2nd Sunday in Lent – A LSB #’s 908, 915, 698
Text – Romans 4:16b-17
Abraham is the father of us all, as it is written: “I have made you a father of many nations.” In the presence of God, Abraham believed that God makes the dead live & calls into being that which does not exist. (NIV)
IN THE PRESENCE OF GOD
Some things you have to see to believe; like the Grand Canyon. It’s just too big for any photograph to capture. Even having hiked from the top of the canyon to the bottom, & back out again, I still can’t do justice to it with mere words. You have to be there in order for your mind to get a hold of how enormous it is.
And then, if being there & looking at it from the top down still doesn’t allow you to grasp it, hiking all the way from the bottom to the top, will absolutely allow ever muscle in your legs to grasp the enormity of that hole in the ground. I was seriously concerned about whether or not I would make it out alive.
When I made it to the top, finally, I felt as if God had truly made the dead live. But I was young & my body recovered quickly. The physical suffering & the emotional doubt I struggled with that day was really nothing more than a small lesson in the much larger picture of life. Still, my view of how invincible I was had changed in the presence of the Grand Canyon.
Abraham’s life changed in the presence of God. The OT reading for today records the call of Abraham. “The Lord said to him, ‘Leave your country, your relatives & your father’s home, & go to a land I will show you.’” (Genesis 12:1)
That is a drastic, open-ended request. It says nothing about where he’d be going, & they didn’t have twitter in those days for keeping in touch once you moved away, let alone cell phones or the US Mail. But Abram went as the Lord told him. How often has God asked any of us to make that drastic a change in our lives? Not very often, has He? We don’t have to move away from our country, our relatives, or even our parent’s home in order to be in the presence of God each Sunday. Yet, in our culture today, that seems to be a monumental task. To many it’s unreasonable. And gathering together with God’s family only once a week doesn’t necessarily keep your head above water, let alone get you safely back to shore.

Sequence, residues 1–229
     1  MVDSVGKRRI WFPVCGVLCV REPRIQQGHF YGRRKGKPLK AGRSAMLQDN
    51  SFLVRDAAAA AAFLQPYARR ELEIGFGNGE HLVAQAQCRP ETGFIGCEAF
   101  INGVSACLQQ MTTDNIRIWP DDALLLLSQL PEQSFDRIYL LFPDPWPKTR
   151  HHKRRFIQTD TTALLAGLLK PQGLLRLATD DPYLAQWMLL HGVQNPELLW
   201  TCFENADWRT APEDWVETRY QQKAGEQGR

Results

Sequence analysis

The society we live in now is working to remove God wherever possible. Our souls are drowning in it. It’s suffocating them to death. It’s even been referred to as a “culture” of death, because more & more people are promoting death as a solution to problems.
The words “pro-choice” are used to disguise the fact that the death of an unborn child is considered a solution to someone’s mistake. Euthanasia is trumpeted as a way to die with dignity & with independence. If a person’s quality of life doesn’t meet some arbitrary standards then it’s presumed that death, administered to the patient, is the better option.
Each of those deaths is encouraged because people have given up hope of life. They do not believe that God makes the dead live. Or they’re afraid to believe, because if you truly believe in something it’s inevitable that a call for commitment will follow. And commitment is never the quickest solution, since by definition it means you are in for the long haul.
Once I was tired, & only half way out of the Grand Canyon, it was a constant battle to keep my mind off of how hopeless things appeared. To a woman who’s pregnant & in poor economic circumstances, the situation is a lot more serious than that of a wimpy hiker climbing out of the Grand Canyon.
To a person struggling with all the issues that come along with a terminal illness, it’s easy to understand how commitment can seem very pointless. To the child whose parent has been in the nursing home & unresponsive for several years, it’s not difficult to sympathize with the fact that they’ve grown weary of the ordeal. With no hope for the future in this life, in a sense,
death has already occurred; at the very least, death to hopes & to dreams. So what’s the point? The point from our text is not that God will always work miracles as He did with Abraham & Sarah. As far as having a child of their own, they were old enough for their hopes to be dead. Abraham was cited for his great faith in that he believed God actually makes the dead to live.
Abraham & Sarah finally did have a child, but not all of our struggles & suffering in this life will have such a happy ending, or such recognizable results. The key to the sermon text for this morning, & to peace in a Christian’s life, is this: In the presence of God, Abraham believed.